Rusty Blackbird Blitz, Year two

We’re gearing up for the second year of the Blitz. Nick Sly, IOS Coordinator for the Blitz, posted complete details here on the Illinois Birders Forum website. IOS is proud to be a sponsor of this important project here in Illinois. Mark your calendar and make your plans to get out there between March

Continue reading Rusty Blackbird Blitz, Year two

Cerulean Warbler gets help from major grant

A five-year project targeting conservation of the imperiled and iconic Cerulean Warbler and focusing on the states of Kentucky, Pennsylvania, Maryland, Ohio, and West Virginia got a big boost following the granting of $8 million in funding from the Dept. of Agriculture’s Regional Conservation Partnership Program (RCPP).

Read more about this exciting project that

Continue reading Cerulean Warbler gets help from major grant

Amar Ayyash: A Birder You Should Know

Amar Ayyash is the man behind the IOS Annual Gull Frolic, which he organized this year and persuaded Birding editor and author Ted Floyd to speak. As you likely know, Amar is “crazy” about gulls, and indeed very knowledgeable about this difficult-to-identify group of birds. In honor of the upcoming Gull Frolic, we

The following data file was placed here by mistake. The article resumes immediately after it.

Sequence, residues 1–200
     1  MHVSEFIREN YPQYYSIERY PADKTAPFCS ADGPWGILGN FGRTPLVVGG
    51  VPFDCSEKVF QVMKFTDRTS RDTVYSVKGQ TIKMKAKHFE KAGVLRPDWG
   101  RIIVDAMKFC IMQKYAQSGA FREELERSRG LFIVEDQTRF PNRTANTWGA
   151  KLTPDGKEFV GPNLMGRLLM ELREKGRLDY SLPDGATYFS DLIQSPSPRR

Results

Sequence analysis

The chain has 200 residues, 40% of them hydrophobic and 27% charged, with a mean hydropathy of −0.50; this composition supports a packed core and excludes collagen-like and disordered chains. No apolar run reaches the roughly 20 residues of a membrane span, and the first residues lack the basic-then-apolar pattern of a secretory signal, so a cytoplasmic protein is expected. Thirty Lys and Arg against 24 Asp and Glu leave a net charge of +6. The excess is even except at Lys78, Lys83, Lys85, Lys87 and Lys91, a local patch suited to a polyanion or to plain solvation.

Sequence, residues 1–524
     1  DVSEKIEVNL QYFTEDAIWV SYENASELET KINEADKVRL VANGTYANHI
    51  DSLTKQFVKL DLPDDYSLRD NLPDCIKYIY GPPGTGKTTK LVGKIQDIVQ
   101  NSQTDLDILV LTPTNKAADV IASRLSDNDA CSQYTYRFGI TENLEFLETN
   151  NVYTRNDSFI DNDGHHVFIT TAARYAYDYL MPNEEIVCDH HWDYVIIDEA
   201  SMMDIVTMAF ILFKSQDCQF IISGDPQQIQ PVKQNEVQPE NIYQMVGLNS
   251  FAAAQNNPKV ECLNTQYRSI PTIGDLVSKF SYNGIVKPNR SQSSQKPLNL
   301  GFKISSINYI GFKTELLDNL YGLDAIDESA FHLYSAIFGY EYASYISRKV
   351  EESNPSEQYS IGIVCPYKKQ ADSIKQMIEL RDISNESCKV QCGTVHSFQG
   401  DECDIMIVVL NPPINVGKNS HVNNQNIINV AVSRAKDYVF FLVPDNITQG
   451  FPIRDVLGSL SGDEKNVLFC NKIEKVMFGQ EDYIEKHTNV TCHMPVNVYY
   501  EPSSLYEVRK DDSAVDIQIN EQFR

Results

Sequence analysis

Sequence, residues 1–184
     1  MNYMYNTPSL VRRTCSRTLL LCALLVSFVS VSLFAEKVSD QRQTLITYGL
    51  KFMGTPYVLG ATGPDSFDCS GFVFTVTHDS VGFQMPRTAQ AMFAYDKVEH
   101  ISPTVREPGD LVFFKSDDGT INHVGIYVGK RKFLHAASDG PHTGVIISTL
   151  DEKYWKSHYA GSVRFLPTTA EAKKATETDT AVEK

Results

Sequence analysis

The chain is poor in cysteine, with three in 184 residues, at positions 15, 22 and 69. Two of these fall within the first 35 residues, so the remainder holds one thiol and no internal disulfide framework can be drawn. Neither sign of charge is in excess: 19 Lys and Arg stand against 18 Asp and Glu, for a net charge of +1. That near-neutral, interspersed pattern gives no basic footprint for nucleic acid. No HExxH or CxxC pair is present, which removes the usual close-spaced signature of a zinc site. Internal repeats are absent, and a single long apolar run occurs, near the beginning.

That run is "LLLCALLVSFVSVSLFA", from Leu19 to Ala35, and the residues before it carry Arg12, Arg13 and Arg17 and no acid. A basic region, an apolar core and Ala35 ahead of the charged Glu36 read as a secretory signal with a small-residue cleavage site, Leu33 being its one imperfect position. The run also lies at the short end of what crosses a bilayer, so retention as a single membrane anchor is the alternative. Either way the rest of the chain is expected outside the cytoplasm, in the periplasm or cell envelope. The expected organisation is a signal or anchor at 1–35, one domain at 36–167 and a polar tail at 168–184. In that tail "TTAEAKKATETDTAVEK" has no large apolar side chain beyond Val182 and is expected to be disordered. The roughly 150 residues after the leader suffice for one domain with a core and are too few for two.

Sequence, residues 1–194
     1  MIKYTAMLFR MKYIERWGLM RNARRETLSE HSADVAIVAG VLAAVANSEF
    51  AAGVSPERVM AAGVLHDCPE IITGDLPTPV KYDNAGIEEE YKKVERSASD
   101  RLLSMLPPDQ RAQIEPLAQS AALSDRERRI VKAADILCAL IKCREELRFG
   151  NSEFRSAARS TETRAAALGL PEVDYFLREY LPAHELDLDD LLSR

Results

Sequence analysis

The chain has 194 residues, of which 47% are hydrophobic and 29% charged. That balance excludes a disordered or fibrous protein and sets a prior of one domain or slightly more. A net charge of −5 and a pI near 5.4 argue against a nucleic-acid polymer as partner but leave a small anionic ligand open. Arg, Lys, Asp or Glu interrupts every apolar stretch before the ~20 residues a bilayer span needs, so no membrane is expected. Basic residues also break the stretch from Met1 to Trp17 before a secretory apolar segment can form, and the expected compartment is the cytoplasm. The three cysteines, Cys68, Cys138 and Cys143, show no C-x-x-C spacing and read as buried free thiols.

Continue reading Amar Ayyash: A Birder You Should Know

Jeff Sanders featured in Chicago Tribune article

For at least three days in December and early January over the past 50 years, Jeff Sanders has gone outside in the predawn cold to count birds in and around Chicago.

In 2015, Sanders will celebrate a half-century since he began helping with the National Audubon Society’s annual Christmas Bird Count, just a few miles

Continue reading Jeff Sanders featured in Chicago Tribune article